Khala (auntie) was happy to see me. It was on impulse that I had gone to see her that day. I hadn’t seen her for a while and simply wanted to know how she was. She greeted me with her usual impish smile, but the smile had more to do with the fact that she had found a photographer in the house. Quickly she bundled me to the next room where a woman was holding a new born baby. Jamila had just been born, and Khala had found a photographer who could record this important moment.
The mother was quiet, and after a few photographs, I left mother and daughter in peace. This was a child the mother knew she couldn’t afford to keep. It was back in the drawing room of that old Dhanmondi house that I saw Nasreen. She had come in through the garden, one of the few in Dhanmondi that the developers had not yet buried in concrete. We’d known each other for a long time, and along with her sister Shireen, had attended many rallies organised by Nari Pokkho, the womens group that they belonged to. On many a protest, I had become an honorary woman and a proud member of the group.
Her wild curly hair bouncing as she spoke, we talked of the work we were doing together on HIV/AIDS. Positive Lives, an exhibition I had worked on as a curator and a photographer, was a show Action Aid had been touring country wide. They had organised educational programmes and gotten local celebrities to draw the crowds in. It had been a hugely successful tour. We talked of the work they were doing with the acid survivors. Rattling off ideas at great speed, for me to pursue, she dashed back to the office. Breezing out as she had breezed in. It was later that I learned that Nasreen and her husband Choton, had adopted Jamila. From then on, it was Jamila who took centre stage in Nasreen’s life. But that was the last I saw Nasreen alive.
Choton and I were fellow journalists, and whenever an important statement needed to go to press, it was Choton I would turn to. From Press Club to Motijheel to Topkhana, we would do the night time beat. He knew every editor in town and which desk to leave the press release on. Sometimes it was in search of Choton, that I would call up Nasreen. We would talk of work, but invariably the conversation veered to Jamila, never accidentally.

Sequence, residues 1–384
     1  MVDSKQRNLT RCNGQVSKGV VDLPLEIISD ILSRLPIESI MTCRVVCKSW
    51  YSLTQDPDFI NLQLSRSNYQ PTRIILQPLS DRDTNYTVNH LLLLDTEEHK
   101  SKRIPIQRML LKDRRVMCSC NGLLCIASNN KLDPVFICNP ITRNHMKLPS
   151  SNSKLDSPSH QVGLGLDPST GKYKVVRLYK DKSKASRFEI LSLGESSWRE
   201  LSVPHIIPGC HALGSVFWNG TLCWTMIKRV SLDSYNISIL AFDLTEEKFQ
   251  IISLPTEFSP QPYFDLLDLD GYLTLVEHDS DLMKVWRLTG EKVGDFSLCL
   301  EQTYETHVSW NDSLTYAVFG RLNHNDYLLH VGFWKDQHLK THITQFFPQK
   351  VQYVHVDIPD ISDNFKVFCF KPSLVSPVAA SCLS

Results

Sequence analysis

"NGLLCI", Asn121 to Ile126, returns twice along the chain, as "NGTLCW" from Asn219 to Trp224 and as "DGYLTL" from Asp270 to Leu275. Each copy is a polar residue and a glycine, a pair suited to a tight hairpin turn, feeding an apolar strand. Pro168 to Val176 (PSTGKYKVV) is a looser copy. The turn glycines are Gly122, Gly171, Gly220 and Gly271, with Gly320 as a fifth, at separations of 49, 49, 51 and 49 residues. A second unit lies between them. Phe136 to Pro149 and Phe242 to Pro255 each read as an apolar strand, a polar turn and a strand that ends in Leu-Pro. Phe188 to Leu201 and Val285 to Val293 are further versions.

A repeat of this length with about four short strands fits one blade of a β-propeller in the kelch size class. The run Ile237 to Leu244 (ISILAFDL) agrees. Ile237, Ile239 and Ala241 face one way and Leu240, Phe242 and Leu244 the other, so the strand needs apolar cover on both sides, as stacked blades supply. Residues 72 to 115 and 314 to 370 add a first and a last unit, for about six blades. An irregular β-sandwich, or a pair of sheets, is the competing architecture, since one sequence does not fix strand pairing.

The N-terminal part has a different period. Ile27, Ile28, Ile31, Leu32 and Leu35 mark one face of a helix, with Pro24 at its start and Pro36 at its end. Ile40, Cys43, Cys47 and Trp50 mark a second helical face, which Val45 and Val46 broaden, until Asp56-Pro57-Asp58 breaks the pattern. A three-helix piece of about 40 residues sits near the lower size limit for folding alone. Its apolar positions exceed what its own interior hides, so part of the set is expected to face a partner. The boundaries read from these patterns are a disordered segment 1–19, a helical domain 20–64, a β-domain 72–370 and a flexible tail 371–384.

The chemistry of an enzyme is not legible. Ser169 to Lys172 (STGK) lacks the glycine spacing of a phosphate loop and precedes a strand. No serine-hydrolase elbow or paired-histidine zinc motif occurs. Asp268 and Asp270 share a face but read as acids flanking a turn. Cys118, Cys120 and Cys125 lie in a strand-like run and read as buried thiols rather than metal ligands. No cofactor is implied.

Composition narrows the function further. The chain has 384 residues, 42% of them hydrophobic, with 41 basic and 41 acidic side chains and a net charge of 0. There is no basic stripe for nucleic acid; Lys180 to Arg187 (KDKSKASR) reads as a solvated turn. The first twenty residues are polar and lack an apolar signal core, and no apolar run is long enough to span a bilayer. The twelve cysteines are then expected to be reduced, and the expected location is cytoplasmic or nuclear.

When I heard of the accident, I hadn’t been too concerned. A leg injury inside the parking space didn’t sound too critical. But soon I sensed something was seriously wrong. All day long people gathered at the hospital. Ministers, celebrities, acid victims, friends, ordinary people. It was through their faces that I learnt how Nasreen had touched people’s lives. It was in their tears that I found how much love she had given. Some whispered in disbelief, some wailed out loud. Choton, Shireen and Zafrulla were distraught. Khala had not yet been told. Naila was like a rock. It was she who had to break the news. She knew Nasreen the fighter, was not going to win this one. Torn up inside, Naila kept calm. As I watched inside ICU 1, I could see our fighter losing the one fight she had never prepared herself for.
Reading her obituary in the Guardian today, I remembered that it was in the same ICU where we had kept vigil when Rashed Khan Menon had been shot. I had photographed another fighter Jahanara Imam, who had been waiting outside with us. Years later, Rashed Bhai had recovered, but I had written Jahanara Khala?s obituary in the Guardian. Police brutality and cancer had taken their toll. That day I had sat with Rahnuma next to where Khala had waited and quietly held hands. It rained, as it had done when my father died and for all the deaths I could remember.
Back in Dhanmondi, Friends had arrived from far away lands. People had come from the villages. We all stood in disbelief. As I walked out of that room heavy with sadness, I heard peels of laughter from the garden. Jamila, not sure of why her mother was not there, or why there were so many people, was playing with her friends.
Her mother was called ‘Happy’ by her friends. At her funeral in Ghazipur, Happy’s friends sang songs of remembrance. They spoke of her courage and her ability to love. They spoke of her tenacity. I thought of Jamila and remembered how Happy had changed the lives of so many others, and felt it was through Jamila’s laughter that Happy should be remembered.
1st May 2006. Dhaka